This document describes the methods and results of an analysis using historical flow data and regional regression relationships to develop interim instream flow criteria suitable for anadromous fish in the Scott River watershed in Siskiyou County. The Scott River watershed provides aquatic habitat for four species of anadromous fish; Chinook Salmon (Oncorhynchus tshawytscha), Coho Salmon (O. kisutch), steelhead trout (O. mykiss), and Pacific Lamprey (Lampetra tridentata). Specifically, the Scott River is one of the most important Coho Salmon spawning and rearing tributaries in the Klamath River watershed.
Instream flow requirements can be generated from flow standard setting techniques or from the results of site specific studies. The interim instream flow criteria presented for the Scott River were developed using flow standard setting techniques. Stream flow standards derived from standard setting techniques are designed to identify the environmental resource in need of flow protection, identify biologically significant criterion that can be used to measure potential flow related impacts, and specify the amount of flow required to protect the resource. Most individual standards evaluate only one or more, but not all the criterion needed to fully evaluate the flow needs of an aquatic species. This limitation can lead to prescribing a single minimum threshold or “flat-line” affect (Poff et al. 1997). The seasonal and inter-annual variability in the hydrograph must be maintained to protect stream ecology and provide an ecosystem based standard (Annear 2004).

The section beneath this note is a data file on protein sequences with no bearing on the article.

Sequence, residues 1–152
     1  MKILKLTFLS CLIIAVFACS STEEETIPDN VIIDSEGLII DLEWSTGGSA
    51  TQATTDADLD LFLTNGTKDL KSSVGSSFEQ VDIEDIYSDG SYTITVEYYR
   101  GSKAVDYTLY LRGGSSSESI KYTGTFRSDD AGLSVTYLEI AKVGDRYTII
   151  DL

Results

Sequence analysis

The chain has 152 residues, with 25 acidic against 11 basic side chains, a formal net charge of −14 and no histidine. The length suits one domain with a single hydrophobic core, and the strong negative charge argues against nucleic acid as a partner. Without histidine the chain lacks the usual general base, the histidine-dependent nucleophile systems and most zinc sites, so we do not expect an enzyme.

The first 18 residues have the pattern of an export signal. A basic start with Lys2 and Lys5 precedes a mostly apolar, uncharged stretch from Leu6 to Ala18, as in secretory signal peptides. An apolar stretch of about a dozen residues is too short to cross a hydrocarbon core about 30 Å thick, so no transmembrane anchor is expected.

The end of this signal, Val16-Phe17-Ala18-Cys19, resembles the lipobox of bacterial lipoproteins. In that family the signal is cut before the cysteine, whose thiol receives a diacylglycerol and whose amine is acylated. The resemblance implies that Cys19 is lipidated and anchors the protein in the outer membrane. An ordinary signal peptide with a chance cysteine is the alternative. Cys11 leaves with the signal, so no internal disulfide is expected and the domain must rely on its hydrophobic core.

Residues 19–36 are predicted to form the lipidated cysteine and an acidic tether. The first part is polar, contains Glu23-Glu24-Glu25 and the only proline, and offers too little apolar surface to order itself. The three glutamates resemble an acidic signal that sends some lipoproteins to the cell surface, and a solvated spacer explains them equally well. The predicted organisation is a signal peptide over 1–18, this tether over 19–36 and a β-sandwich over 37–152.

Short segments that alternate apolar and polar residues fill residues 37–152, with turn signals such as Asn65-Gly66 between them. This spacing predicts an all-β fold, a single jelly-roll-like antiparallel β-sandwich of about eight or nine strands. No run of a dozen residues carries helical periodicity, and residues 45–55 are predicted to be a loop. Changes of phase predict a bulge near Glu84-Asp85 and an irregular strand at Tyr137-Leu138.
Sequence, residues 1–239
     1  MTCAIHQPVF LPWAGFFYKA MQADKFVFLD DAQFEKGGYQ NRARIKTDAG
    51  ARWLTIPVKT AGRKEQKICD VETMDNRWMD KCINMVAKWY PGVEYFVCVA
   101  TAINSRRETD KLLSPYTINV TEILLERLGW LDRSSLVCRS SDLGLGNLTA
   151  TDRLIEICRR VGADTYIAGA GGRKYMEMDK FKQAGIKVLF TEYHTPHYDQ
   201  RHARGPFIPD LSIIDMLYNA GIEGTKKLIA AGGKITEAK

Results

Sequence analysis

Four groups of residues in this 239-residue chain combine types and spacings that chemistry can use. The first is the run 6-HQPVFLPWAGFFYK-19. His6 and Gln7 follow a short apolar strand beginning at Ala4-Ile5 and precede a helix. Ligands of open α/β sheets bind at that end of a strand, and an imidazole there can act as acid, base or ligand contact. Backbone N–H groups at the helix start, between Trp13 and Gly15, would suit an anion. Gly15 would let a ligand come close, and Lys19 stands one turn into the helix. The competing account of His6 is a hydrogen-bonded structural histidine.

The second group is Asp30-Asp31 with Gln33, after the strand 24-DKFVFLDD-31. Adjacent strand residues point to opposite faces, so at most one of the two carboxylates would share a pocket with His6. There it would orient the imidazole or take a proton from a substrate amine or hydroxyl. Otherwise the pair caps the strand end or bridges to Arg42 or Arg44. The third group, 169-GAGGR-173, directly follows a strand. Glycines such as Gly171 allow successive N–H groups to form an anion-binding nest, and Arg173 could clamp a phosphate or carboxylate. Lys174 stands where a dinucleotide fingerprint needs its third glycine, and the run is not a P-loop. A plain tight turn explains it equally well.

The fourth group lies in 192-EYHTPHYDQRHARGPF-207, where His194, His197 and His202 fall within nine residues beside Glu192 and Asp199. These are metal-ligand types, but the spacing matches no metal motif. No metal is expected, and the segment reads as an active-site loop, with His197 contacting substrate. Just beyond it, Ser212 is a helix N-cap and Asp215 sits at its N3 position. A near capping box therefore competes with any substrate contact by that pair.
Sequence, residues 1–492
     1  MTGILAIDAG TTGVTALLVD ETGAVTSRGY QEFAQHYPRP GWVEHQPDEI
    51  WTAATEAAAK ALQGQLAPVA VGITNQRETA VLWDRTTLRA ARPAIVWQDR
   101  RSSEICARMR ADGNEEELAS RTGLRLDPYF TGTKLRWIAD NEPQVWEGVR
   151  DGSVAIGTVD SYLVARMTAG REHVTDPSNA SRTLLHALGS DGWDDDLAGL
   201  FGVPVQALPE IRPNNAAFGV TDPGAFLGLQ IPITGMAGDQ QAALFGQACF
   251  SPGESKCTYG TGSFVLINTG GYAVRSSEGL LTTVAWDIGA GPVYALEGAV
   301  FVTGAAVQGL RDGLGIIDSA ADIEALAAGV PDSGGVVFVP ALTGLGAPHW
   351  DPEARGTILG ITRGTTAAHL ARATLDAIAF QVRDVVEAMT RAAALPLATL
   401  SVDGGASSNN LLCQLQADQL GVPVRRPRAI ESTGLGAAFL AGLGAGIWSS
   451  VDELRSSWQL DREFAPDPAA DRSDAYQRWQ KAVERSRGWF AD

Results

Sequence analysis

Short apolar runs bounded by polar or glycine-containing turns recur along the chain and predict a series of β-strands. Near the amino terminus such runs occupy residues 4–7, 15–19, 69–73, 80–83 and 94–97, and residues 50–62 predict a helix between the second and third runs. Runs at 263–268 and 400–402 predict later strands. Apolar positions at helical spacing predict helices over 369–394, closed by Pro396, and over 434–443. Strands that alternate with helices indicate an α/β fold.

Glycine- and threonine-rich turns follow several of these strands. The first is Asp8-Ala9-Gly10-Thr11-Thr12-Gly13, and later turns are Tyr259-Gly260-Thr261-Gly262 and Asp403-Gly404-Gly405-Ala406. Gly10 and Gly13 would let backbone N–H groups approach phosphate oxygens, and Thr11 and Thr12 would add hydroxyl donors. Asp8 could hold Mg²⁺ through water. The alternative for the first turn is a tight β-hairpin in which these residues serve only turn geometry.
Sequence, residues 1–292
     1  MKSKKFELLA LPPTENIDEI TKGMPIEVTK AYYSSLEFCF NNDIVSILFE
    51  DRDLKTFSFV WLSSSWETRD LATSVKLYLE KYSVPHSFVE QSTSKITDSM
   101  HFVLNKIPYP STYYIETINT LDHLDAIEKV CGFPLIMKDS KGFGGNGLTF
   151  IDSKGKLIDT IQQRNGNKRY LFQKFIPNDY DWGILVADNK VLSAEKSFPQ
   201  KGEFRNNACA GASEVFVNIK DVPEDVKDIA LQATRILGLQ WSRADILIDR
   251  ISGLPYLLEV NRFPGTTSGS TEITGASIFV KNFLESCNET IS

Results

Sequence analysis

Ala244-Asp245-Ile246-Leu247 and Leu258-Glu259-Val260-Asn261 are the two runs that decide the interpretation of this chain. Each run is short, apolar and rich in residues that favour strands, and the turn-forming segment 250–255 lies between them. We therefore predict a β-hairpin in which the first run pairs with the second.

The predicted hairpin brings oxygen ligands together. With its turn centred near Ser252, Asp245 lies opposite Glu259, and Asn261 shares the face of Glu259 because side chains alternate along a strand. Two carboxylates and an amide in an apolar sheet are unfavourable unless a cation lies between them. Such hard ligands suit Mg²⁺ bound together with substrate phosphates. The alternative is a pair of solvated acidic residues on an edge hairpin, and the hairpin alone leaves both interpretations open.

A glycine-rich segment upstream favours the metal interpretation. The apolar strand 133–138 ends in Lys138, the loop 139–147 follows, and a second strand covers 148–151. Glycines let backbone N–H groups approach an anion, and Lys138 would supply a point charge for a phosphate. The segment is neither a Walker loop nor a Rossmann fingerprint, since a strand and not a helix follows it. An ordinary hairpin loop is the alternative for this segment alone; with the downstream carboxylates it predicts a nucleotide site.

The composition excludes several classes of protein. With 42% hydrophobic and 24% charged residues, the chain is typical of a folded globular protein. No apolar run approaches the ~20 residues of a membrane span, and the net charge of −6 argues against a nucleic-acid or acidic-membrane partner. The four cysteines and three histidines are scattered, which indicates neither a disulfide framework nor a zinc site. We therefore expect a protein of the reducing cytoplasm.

To account for the seasonal and the inter-annual hydrologic variability of the Scott River, the Department applied a detailed hydrologic analysis along with application of three standard setting methods to evaluate the life history flow needs of salmonids in the Scott River near Fort Jones.
Adult fish passage was estimated using the equation developed by R2 Resources (R2 2008) for the State Water Resources Control Board’s (SWRCB) North Coast Instream Flow Policy (SWRCB 2014), spawning and juvenile rearing were evaluated using the Hatfield and Bruce regional equations (Hatfield and Bruce 2000), and the results were adjusted monthly based on estimates of unimpaired hydrology using Tessmann’s adaptation (Tessmann 1980) of the Tennant or Montana Method (Tennant 1975).